Kevin Smith (who uses the name @thatkevinsmith on Twitter), the indie film director who gave us Clerks and Dogma is on the cutting edge of utilizing social media for marketing and business owners should follow his lead if they are serious about growing their business cost effectively.
At first glance, it may seem odd that small businesses would look to a Hollywood director for marketing advice. That is until you look a little deeper at what is currently happening in Kevin Smith’s career currently.
Here is a little background if you are unfamiliar with Smith and his career:
In 1993 Smith made his debut film, “Clerks” for just under $28,000 of his own money. That film was purchased by the Miramax in 1994 at the Sundance Film Festival. This was the beginning of a nearly twenty-year filmmaking career within the Hollywood system. Smith went on to write, direct and edit 10 films for Mirimax and other major Hollywood studios.
While Smith will be self-deprecating about his prowess as a filmmaker, he will tell you that he was successful at managing a budget–all of his films made money for the studios that released them.
By all accounts, “Red State”, his current movie project is a departure. Unlike his long list of movies, this isn’t a light-hearted comedy. “Red State” is hard to fit into a box–but most people label it a horror movie. As usual, Smith was mindful of the budget while he produced “Red State” completing the project for under $4 million.
When “Red State” was getting ready for distribution, he was aware that this hard to define movie would be difficult to market. He knew that the studio system would want to spend millions of dollars on marketing that would more than likely miss the mark in reaching an audience. Smith also knew that he had a direct line to his most loyal fans that would not cost him a dime–social media.
Smith is an avid user of social media and has cultivated a large following on Twitter and Facebook of his fan-base (more than 1.8 million Twitter follower and almost 600,000 on Facebook). He has always been an early adopter of technology. He was one of the first Hollywood personalities with a web site and he was active on the forums on his website for years interacting directly with his fans. Then as the technology advanced and social media replaced chat rooms and bulletin boards he jumped into that space and has been holding forth there ever since.
He has realized the marketing potential of this medium. He publicizes all of his live shows and he breaks news to his fan base about all of his upcoming projects there. Fans know that if they want Kevin Smith news they can go straight to the source for the information by following his social media accounts. For example, fans started to learn about “Red State” while he was still writing it because he would blog about it and tweet about it all through the development process.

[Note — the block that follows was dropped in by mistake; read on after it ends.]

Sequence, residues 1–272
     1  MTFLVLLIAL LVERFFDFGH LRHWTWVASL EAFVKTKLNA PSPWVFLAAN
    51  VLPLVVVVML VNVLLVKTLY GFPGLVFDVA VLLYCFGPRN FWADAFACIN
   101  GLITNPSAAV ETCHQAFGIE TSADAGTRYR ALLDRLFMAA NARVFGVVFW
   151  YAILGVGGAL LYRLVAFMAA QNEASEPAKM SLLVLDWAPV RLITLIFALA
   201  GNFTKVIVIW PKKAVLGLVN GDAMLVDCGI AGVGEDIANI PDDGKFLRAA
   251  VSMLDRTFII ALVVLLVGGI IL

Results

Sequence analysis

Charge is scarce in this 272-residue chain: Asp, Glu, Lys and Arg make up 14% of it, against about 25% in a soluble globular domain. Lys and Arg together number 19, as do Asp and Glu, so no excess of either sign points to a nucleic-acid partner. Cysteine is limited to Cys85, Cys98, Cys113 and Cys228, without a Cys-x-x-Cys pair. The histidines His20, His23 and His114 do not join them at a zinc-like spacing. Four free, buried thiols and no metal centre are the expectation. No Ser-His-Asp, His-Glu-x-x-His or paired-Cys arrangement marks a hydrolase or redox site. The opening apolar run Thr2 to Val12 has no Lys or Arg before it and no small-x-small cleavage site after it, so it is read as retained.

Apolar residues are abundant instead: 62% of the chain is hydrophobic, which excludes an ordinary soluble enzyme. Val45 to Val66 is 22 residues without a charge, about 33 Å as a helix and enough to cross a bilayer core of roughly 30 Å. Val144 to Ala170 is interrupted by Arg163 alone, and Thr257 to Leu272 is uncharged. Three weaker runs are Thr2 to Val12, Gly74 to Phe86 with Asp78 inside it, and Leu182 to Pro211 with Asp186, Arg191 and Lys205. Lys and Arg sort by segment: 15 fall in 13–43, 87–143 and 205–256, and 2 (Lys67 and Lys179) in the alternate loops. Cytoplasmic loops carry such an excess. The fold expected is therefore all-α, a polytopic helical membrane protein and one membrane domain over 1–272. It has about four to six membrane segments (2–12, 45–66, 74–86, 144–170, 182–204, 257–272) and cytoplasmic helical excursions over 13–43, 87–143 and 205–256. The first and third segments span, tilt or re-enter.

So it was only natural that Smith would decide to throw out the traditional Hollywood business model when it came time to release “Red State” and decided that instead of weighing his film down with exorbitant marketing costs, he would just take to social media to get the word out about his film.
He was eschewed by critics and traditionalist. People wanted to paint him as washed up or a failure. They tried to paint him as unable to release his film in the traditional manner–so he went this “odd” way instead. But nothing could be further from the truth. Smith made a conscious, calculated business decision. He saw the value in social medial and word-of-mouth advertising. He knew that he had social capital invested in the time he spent cultivating his audience online. They were his most loyal fan-base. He knew that he had a strong following of people online that were interested in his product and all it would take was an expenditure of his time to devote to publicizing his project online and his followers would help him by amplifying his reach by broadcasting that message themselves to their followers.
And guess what? In little more that six months time from the time he announced his plan Smith had covered all of his expenses for the film and he was in the black–without spending practically a dime in traditional marketing or publicity, without a PR tour or press screenings, without billboards or gimmicks.
So what can business owners learn from Kevin Smith when it comes to social media? A few things: First, you can be untraditional and be successful at marketing. Second, you can cut out the middle man (and all of the associated expenses) when it comes to marketing and pubic relations, and speak directly to your real fans (aka customers). And third, you can “monetize” your social media efforts.
However–there are also some very important caveats. It isn’t automatic. You can’t just hire an intern to sign up for a twitter account and expect to see cash start rolling in through the door. As with any business venture, you need to invest in it; grow it. However, this isn’t a cash investment. You need to invest time. You need to cultivate a following online by being earnest. You need to connect with your customers online and engage them. Give them a reason to follow you by offering them engaging content…entertaining, informative, interesting content that makes them want to read what you have to say. If you do that and spend the time developing these relationships they will pay dividends. People will support your business if you are giving them something in return. If you interact and are proactive they will recognize that your company is worth supporting and reward you for getting it.
Kevin Smith loves to talk about Wayne Gretsky–and how he was taught by his father that you need to go where the puck it going to be instead of chasing after it. Successful businesses need to learn that lesson as well. Don’t chase the social media puck–go where the the puck is going to be in the future. Be creative in social media, innovate!